Many people suffer from something known as sleep apnea. It is a potentially serious sleep disorder in which breathing repeatedly stops and starts back up again throughout the night, thus causing many of those with it to snore quite loudly.
There are three main types of sleep apnea those types being; obstructive sleep apnea, central sleep apnea, and complex sleep apnea syndrome. Symptoms of these can range from loud snoring as mentioned above to irritability and everything in-between. While a lot of people do not think snoring could mean anything serious a lot of the time it does and now it seems, even more-so.
Sleep apnea, in general, affects an estimated 22 million people and a lot of the time people go undiagnosed. Scientists at the University of Indiana recently found something quite alarming about those who snore loudly (basically most people with sleep apnea). They have significantly thinner skulls. I know this is going to sound a bit odd but stay with me.
Their study was published just a few days ago on May 3rd in the journal JAMA Otolaryngology-Head & Neck Surgery. For this study researchers scanned the skulls of 114 people aged between 40 and 60. About 56 of these people had what was considered to be moderate to severe sleep apnea. They noted that because of the significant up to 1.23mm thinner skull difference to be quite important. This being as a thinning of 1mm could be more than enough to cause sCSF-L.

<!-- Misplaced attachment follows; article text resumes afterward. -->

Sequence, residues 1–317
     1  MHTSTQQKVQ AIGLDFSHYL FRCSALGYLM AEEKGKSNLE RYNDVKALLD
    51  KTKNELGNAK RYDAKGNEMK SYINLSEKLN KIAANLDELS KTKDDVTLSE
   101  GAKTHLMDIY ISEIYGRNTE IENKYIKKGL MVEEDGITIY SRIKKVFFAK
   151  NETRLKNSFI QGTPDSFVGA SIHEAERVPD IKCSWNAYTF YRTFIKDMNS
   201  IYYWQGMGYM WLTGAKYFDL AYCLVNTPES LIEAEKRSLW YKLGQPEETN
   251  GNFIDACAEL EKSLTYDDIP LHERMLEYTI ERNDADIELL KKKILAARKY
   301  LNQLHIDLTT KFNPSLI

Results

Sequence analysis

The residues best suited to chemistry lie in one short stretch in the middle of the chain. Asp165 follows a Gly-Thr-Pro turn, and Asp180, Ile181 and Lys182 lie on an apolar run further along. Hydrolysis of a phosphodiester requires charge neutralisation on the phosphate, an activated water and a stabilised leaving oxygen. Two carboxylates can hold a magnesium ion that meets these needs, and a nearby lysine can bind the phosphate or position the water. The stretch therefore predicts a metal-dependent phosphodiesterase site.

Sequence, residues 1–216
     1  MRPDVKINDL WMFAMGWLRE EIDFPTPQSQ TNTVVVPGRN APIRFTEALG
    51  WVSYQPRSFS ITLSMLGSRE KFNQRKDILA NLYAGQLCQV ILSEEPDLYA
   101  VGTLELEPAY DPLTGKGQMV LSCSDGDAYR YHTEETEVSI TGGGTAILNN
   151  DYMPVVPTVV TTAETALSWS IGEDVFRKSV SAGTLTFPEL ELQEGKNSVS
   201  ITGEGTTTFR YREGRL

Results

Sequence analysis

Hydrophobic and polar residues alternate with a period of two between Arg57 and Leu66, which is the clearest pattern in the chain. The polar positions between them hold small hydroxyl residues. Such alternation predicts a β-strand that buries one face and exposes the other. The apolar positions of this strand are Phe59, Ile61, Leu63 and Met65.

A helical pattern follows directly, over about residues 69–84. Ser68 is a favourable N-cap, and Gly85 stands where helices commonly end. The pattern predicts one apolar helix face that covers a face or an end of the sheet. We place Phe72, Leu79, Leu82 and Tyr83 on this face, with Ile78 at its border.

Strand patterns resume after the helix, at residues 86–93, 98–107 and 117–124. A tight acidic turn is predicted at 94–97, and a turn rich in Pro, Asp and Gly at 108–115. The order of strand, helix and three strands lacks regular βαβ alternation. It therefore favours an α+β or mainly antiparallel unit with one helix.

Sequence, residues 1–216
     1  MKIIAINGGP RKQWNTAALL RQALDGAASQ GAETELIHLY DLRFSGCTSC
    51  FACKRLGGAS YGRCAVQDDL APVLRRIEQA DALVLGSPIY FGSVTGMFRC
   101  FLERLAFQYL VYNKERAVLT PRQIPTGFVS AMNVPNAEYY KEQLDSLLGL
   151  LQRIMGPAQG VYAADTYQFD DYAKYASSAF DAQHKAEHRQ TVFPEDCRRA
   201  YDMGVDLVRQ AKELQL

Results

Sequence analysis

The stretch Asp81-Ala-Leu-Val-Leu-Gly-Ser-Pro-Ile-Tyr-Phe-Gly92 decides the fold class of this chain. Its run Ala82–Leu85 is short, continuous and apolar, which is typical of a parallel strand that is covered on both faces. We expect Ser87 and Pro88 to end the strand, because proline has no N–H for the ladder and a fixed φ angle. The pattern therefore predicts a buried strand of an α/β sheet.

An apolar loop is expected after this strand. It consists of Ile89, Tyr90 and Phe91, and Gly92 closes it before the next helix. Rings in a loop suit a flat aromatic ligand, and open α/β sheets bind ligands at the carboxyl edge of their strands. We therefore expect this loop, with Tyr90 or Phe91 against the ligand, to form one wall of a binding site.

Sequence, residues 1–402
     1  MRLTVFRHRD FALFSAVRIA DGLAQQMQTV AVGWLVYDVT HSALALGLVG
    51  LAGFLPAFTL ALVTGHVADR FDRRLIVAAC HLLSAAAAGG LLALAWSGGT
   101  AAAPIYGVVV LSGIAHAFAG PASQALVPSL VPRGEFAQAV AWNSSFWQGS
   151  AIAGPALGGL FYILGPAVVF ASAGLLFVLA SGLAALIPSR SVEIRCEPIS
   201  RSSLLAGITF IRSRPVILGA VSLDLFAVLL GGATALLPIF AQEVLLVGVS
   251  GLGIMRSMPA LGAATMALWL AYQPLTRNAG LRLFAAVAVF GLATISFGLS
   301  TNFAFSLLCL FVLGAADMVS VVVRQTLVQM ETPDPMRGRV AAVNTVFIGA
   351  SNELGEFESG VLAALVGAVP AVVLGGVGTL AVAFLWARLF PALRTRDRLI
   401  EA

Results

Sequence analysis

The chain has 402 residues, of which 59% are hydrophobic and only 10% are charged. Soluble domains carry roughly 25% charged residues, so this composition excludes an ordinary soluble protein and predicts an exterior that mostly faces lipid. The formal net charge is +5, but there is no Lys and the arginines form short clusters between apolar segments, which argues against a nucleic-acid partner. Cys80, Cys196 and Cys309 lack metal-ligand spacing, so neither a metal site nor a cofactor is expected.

For those who do not know, sCSF-L or ‘spontaneous cerebrospinal fluid leak’ is a medical condition in which the cerebrospinal fluid surrounding the brain itself and spinal cord manages to literally leak out of the protective dural sac for seemingly no reason. Treatment for this can either be surgical or medical depending on the severity. It can be a very serious issue.
The study lists their findings in the key points of their published work as follows:
“In this cohort study, obstructive sleep apnea was independently associated with calvarial and skull base thinning compared with obese, age-matched patients without obstructive sleep apnea. The patients with obstructive sleep apnea had a higher rate of tegmen dehiscence than those without obstructive sleep apnea.
Obstructive sleep apnea may mechanistically contribute to the development of disorders related to skull thinning such as spontaneous cerebrospinal fluid leaks.”
This is something you should seriously pay attention to if you have sleep apnea of any kind, not just obstructive sleep apnea. Please, pay attention to your health. If you notice any of the signs of cSCF-L; clear watery drainage from one side of the nose or ear, headaches, vision changes, or hearing loss get yourself checked out. Your health is very important.